Tuesday, 12 June 2012

Part 1 Debate: Q & A with Zakes Mda: "All art is political"

Your novels have dealt with the political conditions in South Africa, have you considered them “political novels” –  what do you think is meant by that tag?All art is about power relations. Therefore all art is political whether its’ creators overtly intend it to be or not.
Is the perceived value of a novel in this country still measured against the depths with which the novelist plunges into the ‘state of the nation’?  No. Any successful novel is about characters and their conflicts. The characters interact actively with their environment, which includes the setting. Some of that environment will be shaped and informed by the social, political and economic conditions.
What is at stake for the characters in their conflicts may therefore be overtly political in nature, be criminal, romantic, existential, erotic, religious, scientific, fantastical etc. or any combination and permutation of these.
A novel that is dominated by the “issues” (including “state of the nation”) at the expense of credible character development (for literary fiction) and engaging plot development (for genre fiction), or a combination of both,  will be an utter failure.

Some literary commentators have suggested that the nature of the political novel is under threat in SA for the simple fact that commentary on the state of the nation is being more ably serviced by other forms– in particular the crime genre. What is your take? That’s silly. Is the crime genre not a novel? And of course crime novels are political because they are about power relations at different levels. A lot of crime does happen in a political context and a lot of politics is driven by criminal activity. The statement contradicts itself. It says the political novel is under threat and at the same time crime novels ably handle political themes. I don’t share the snooty attitude that crime and other genres of fiction belong in the lower rungs of some literary hierarchy.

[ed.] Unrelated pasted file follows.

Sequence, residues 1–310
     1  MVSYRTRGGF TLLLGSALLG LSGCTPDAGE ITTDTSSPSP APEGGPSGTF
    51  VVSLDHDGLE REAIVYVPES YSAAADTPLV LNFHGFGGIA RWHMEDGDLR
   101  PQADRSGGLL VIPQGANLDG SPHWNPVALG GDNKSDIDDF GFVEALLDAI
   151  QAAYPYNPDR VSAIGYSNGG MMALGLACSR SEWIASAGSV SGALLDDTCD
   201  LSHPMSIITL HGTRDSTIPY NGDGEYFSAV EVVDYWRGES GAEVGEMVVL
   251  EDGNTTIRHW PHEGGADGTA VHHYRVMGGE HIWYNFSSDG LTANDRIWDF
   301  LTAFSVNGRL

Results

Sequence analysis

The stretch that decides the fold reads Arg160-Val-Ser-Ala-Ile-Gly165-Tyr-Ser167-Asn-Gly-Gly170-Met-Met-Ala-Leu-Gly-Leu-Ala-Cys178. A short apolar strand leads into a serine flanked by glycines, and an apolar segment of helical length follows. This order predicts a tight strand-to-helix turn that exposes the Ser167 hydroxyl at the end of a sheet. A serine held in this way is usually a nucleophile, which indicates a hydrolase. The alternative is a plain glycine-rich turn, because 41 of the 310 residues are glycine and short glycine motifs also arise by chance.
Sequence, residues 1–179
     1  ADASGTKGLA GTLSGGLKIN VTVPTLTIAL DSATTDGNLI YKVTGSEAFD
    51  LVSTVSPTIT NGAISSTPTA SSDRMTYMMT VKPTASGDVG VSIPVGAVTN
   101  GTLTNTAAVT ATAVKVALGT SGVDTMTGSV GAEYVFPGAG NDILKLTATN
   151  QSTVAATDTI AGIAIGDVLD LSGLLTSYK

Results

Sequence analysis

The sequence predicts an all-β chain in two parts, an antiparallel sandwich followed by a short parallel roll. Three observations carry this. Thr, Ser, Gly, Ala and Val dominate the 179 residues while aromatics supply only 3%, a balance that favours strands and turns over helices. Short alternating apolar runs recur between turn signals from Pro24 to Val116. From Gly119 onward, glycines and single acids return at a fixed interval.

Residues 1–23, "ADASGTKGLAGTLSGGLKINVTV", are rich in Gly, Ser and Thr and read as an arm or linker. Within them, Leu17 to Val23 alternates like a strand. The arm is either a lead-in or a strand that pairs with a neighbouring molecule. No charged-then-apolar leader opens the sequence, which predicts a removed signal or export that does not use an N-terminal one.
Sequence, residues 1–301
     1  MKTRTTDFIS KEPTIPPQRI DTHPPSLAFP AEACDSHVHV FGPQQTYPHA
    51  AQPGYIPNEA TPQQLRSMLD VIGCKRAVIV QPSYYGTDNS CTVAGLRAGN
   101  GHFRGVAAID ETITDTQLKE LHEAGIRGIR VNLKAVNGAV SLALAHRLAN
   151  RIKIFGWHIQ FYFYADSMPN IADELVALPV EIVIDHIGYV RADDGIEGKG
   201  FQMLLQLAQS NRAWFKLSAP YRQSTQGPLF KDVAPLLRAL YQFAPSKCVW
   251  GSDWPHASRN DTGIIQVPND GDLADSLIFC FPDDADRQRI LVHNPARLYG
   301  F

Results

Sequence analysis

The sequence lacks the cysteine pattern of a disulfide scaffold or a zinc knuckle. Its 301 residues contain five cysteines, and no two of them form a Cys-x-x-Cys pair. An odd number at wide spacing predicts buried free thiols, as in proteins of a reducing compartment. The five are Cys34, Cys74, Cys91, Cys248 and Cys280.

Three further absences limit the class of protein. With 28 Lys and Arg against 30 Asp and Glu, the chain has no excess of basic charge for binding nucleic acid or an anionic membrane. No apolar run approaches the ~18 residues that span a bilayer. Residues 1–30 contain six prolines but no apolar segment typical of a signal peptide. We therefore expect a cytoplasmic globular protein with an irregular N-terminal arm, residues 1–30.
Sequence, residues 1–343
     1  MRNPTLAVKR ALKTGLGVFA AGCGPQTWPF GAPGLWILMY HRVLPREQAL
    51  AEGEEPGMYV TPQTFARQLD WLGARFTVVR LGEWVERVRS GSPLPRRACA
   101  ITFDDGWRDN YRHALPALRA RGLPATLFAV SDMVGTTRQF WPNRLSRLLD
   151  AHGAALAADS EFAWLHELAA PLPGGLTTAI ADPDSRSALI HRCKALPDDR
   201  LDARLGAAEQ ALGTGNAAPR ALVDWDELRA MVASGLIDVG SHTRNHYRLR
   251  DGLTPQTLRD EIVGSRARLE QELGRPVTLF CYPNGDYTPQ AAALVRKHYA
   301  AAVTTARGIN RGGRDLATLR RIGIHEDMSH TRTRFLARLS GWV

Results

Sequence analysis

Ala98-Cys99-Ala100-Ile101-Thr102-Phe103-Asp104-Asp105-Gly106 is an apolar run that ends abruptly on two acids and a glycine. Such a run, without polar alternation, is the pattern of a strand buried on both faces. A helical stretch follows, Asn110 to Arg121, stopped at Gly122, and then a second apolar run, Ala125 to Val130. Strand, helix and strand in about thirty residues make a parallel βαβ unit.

Humour is a vital ingredient in your writing – particularly in Black Diamond – do you think that the post-apartheid era has allowed writers to deal with the socio-political conditions in this country through a more humorous lens than before?No. There was more humour during apartheid.
Look at our anti-apartheid theatre, our agitprop, our theatre for liberation, our protest theatre etc.
It was all comedy! It was satire! It was farce! It was parody! It was gallows humour! Audiences overseas used to ask: “How do you create comedy with such dire themes.” - published June 10, 2012

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